Bone scalpel gets Kaleigh back in the groove

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Spondylolisthesis is a stress fracture that happens to young athletes who put a lot of stress on the lower back. It can be debilitating when one vertebra slips onto another.

But less invasive back surgery and more precise tools are making surgery safer and improving outcomes.

Twelve-year-old Kaleigh Clemons practiced gymnastics beginning at age 5.

"I could do back handsprings all over the yard, I practiced all the time," she said.

But she developed severe back pain and was finally diagnosed with spondylolisthesis, a spinal deformity made worse by extreme physical stress.

"She was looking at a very difficult life ahead of her with back pain and leg pain if this was left untreated," orthopedic surgeon Dr. Isador Lieberman said.

"He looked me square in the face and he told me, 'She's going to dance again,'" said Mark Clemons, Kaleigh's father.

Now, just four months after surgery, Kaleigh is dancing, regaining her balance and lifting weights, and she is 2 1/2 inches taller.

"This is the ultrasonic bone scalpel, as one of my former fellows said, this is the game changer," Lieberman said.

The ultrasonic bone scalpel vibrates 22,500 times per second to precisely cut bone, but the tip is not sharp and bounces off soft tissue, so it is a safer, less intrusive way of doing spinal surgery.

"I can't believe where I am now," Kaleigh said.

"In January, we were facing a wheelchair, diapers, all those things that go through our heads, to now where she's riding her bike," said Cassey Clemons, Kaleigh's mother.

Lieberman says when Kaleigh's back heals completely, she would be able to resume gymnastics if she wanted.

MEDICAL BREAKTHROUGHS
RESEARCH SUMMARY
TOPIC: BONE SCALPEL GETS KALEIGH BACK IN THE GROOVE
REPORT: MB #4609

BACKGROUND: Spondylolysis and spondylolisthesis are common causes of low back pain in young athletes. Spondylolysis is a crack or stress fracture in one of the vertebrae, the small bones that make up the spinal column. If left untreated, spondylolysis can weaken the vertebra so much that it is unable to maintain its proper position in the spine. This condition is called spondylolisthesis. In spondylolisthesis, the fractured pars interarticularis separates, allowing the injured vertebra to shift or slip forward on the vertebra directly below it. In children and adolescents, this slippage most often occurs during periods of rapid growth—such as an adolescent growth spurt. Doctors commonly describe spondylolisthesis as either low grade or high grade, depending upon the amount of slippage. A high-grade slip occurs when more than 50 percent of the width of the fractured vertebra slips forward on the vertebra below it. Patients with high-grade slips are more likely to experience significant pain and nerve injury and to need surgery to relieve their symptoms. (Source: https://orthoinfo.aaos.org/en/diseases--conditions/spondylolysis-and-spondylolisthesis)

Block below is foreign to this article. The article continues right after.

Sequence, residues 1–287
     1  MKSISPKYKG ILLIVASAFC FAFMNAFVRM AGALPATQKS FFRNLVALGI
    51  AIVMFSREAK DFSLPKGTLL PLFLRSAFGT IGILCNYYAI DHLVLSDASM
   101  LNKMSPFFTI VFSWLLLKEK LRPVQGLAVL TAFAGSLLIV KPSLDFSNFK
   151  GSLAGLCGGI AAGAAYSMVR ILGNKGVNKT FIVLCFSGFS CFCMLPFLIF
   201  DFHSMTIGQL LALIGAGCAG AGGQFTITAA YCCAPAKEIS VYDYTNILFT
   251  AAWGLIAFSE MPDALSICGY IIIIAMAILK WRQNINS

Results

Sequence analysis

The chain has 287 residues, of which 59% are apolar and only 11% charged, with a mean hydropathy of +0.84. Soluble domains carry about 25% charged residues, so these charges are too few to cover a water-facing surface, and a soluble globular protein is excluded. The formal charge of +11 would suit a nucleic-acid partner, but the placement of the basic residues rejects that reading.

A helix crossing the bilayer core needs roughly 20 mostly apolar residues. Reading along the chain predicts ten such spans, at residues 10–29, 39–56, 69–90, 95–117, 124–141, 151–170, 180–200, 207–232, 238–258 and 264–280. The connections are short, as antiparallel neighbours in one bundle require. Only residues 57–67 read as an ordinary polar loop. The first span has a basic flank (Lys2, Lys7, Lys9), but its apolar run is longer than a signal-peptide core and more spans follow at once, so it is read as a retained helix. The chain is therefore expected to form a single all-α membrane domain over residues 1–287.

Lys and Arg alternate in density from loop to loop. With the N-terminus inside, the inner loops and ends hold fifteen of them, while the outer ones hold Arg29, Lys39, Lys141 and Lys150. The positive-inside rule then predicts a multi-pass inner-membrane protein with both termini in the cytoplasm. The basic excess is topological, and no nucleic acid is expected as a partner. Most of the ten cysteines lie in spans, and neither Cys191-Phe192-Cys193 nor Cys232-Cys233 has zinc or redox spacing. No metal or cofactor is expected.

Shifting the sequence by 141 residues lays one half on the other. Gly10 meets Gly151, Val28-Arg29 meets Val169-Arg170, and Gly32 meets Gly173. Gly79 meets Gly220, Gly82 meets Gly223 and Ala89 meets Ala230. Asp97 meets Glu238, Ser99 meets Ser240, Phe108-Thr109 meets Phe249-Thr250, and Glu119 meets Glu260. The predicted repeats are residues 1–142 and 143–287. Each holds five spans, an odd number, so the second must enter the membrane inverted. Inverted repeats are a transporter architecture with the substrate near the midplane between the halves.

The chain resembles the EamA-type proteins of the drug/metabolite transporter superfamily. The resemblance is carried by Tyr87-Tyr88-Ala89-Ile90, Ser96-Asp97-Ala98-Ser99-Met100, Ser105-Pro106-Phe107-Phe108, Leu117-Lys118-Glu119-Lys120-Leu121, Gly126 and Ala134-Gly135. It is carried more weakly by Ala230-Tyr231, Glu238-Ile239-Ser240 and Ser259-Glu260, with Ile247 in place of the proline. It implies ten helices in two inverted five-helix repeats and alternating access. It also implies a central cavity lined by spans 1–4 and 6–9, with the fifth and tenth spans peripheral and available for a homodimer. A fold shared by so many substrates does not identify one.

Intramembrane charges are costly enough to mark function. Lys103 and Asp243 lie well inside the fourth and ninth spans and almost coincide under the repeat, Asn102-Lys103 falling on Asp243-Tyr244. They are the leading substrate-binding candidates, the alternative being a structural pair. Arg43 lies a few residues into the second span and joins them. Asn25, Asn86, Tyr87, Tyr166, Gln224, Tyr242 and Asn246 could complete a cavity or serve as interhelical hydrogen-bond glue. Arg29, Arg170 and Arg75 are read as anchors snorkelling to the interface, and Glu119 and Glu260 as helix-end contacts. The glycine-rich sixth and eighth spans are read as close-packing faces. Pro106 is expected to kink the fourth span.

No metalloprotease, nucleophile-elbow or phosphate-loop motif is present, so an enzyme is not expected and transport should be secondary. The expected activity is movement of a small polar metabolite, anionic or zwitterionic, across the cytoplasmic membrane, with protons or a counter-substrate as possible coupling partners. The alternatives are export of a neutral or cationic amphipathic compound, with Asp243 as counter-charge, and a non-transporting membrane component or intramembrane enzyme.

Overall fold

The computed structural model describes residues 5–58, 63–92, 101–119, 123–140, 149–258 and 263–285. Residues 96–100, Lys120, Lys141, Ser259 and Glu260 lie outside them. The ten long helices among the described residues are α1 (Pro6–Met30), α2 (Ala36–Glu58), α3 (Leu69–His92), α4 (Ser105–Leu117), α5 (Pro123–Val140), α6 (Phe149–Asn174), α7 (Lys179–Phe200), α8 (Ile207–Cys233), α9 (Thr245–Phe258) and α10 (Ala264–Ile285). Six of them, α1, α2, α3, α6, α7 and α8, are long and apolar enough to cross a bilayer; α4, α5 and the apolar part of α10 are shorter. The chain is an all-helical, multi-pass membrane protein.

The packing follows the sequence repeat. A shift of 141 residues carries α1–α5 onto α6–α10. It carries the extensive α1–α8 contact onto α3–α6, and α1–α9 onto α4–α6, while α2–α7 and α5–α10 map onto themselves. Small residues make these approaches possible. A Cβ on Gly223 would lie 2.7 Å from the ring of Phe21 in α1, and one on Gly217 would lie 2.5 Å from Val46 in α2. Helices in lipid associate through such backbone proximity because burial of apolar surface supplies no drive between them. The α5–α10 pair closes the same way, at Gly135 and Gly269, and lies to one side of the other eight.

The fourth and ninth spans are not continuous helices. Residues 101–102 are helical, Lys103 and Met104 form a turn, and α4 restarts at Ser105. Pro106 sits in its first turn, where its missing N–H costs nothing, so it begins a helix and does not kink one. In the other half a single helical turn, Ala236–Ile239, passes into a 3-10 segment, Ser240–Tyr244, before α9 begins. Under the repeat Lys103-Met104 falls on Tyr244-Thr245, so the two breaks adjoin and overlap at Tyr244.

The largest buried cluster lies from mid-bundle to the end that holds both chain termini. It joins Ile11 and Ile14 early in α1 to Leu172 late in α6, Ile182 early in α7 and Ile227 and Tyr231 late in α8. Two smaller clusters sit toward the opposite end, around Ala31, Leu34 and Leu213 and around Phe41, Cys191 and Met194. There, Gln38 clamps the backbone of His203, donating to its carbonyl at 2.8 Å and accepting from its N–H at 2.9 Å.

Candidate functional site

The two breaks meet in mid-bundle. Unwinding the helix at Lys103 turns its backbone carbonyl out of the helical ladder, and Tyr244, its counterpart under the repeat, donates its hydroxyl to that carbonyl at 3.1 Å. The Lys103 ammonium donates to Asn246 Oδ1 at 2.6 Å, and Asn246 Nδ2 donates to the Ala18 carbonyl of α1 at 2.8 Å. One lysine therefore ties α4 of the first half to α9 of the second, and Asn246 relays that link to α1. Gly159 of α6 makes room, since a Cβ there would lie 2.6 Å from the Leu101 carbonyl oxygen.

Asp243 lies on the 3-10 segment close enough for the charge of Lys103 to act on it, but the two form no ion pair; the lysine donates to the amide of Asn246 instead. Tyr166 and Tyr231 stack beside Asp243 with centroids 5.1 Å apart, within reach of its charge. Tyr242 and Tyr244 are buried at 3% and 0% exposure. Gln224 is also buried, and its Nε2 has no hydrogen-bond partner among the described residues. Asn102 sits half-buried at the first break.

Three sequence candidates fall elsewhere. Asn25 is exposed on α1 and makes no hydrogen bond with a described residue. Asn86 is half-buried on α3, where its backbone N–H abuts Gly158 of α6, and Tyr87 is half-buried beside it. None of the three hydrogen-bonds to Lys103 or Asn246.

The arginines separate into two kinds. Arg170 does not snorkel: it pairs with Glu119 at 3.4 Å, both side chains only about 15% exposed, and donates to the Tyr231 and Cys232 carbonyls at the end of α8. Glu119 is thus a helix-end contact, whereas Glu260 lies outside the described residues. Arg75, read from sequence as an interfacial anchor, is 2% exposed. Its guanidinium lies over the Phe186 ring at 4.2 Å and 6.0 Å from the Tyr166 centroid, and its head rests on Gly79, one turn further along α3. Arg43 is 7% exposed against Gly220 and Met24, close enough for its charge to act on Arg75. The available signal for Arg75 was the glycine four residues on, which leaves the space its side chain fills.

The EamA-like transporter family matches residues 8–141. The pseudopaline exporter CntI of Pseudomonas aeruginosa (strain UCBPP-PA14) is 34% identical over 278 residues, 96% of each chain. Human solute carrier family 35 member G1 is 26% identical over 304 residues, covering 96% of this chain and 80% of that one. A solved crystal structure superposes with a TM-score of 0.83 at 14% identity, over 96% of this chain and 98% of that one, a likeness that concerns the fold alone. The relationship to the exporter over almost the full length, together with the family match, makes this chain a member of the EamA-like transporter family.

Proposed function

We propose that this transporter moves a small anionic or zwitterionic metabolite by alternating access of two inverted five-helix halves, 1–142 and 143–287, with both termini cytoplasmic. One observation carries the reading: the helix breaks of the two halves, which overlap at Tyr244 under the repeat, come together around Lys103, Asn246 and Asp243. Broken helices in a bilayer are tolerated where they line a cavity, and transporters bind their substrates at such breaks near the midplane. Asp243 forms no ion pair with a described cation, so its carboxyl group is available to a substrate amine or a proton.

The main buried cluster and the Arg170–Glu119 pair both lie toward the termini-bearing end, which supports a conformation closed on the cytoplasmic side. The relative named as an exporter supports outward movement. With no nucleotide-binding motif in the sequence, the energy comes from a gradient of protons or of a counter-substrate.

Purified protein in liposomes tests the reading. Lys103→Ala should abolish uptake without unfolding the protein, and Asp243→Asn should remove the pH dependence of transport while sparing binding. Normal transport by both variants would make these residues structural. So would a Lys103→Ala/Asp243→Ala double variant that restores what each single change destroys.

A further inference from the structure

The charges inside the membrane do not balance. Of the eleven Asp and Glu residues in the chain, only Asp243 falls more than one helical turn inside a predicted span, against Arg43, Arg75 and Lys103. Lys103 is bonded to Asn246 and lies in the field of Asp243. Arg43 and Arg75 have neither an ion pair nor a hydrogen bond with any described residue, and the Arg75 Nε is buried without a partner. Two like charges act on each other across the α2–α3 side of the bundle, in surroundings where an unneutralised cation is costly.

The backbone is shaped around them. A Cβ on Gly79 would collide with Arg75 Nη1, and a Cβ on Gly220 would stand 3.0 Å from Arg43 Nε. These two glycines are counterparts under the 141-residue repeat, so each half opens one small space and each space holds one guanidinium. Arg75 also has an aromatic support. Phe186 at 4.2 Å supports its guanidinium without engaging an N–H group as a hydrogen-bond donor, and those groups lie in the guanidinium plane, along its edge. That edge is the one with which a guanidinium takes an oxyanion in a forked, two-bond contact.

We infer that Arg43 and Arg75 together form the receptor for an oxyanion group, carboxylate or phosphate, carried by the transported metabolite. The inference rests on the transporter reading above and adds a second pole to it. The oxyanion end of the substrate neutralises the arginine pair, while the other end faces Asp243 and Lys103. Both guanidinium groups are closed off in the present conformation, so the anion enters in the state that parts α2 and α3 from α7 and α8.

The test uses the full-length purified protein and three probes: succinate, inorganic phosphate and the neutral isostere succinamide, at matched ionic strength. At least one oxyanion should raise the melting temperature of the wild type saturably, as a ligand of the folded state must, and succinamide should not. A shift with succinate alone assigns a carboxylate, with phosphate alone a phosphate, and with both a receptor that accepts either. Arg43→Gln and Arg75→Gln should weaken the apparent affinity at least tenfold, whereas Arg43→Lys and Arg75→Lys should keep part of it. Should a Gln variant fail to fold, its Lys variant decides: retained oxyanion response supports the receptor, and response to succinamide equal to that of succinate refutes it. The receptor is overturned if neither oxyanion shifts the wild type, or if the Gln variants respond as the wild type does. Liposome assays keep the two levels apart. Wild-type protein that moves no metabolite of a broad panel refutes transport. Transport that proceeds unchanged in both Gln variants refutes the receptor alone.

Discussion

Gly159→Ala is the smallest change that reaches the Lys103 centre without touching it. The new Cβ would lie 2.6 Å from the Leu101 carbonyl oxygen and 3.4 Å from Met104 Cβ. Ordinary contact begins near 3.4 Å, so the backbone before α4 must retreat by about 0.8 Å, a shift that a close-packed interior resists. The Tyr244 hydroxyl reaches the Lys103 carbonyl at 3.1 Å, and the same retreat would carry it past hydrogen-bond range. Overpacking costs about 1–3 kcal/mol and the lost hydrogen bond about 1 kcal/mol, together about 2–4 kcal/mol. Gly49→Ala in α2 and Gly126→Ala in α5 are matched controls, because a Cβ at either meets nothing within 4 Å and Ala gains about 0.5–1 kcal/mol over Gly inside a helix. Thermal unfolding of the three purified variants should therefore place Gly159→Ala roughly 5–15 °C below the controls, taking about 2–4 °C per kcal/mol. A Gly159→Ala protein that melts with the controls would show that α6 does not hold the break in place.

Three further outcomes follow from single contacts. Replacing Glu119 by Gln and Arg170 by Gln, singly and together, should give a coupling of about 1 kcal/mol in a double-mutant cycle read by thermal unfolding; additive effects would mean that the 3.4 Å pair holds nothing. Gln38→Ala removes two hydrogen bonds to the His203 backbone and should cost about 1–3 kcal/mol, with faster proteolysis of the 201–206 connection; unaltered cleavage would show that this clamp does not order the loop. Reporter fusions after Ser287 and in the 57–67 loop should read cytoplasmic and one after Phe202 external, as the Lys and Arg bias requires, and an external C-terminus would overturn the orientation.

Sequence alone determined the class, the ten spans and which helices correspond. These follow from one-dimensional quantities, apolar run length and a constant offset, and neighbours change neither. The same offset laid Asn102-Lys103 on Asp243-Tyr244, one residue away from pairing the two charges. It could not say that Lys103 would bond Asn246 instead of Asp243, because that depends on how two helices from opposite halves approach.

TREATMENT: Initial treatment is almost always nonsurgical in nature. Most patients with spondylolysis and low-grade spondylolisthesis will improve with nonsurgical treatment. Surgery may be recommended for spondylolisthesis patients who have severe or high-grade slippage, slippage that is progressively worsening, or back pain that has not improved after a period of nonsurgical treatment. Spinal fusion between the fifth lumbar vertebra and the sacrum is the surgical procedure most often used to treat patients with spondylolisthesis. Spinal fusion is essentially a "welding" process. The basic idea is to fuse together the affected vertebrae so that they heal into a single, solid bone. Fusion eliminates motion between the damaged vertebrae and takes away some spinal flexibility. The theory is that, if the painful spine segment does not move, it should not hurt. (Source: https://orthoinfo.aaos.org/en/diseases--conditions/spondylolysis-and-spondylolisthesis)

NEW TECHNOLOGY: The ultrasonic BoneScalpel is a tissue-specific device that allows the surgeon to make precise osteotomies while protecting collateral or adjacent soft tissue structures. The device is comprised of a blunt ultrasonic blade that oscillates at over 22,500 cycles per second with an imperceptible microscopic amplitude. The recurring impacts pulverize the noncompliant crystalline structure resulting in a precise cut. The more compliant adjacent soft tissue is not affected by the ultrasonic oscillation. If used properly, this device may decrease the risk of soft tissue injury associated with the use of high- speed burrs and oscillating saws during spine surgery. (Source: https://www.ncbi.nlm.nih.gov/pmc/articles/PMC3843782/)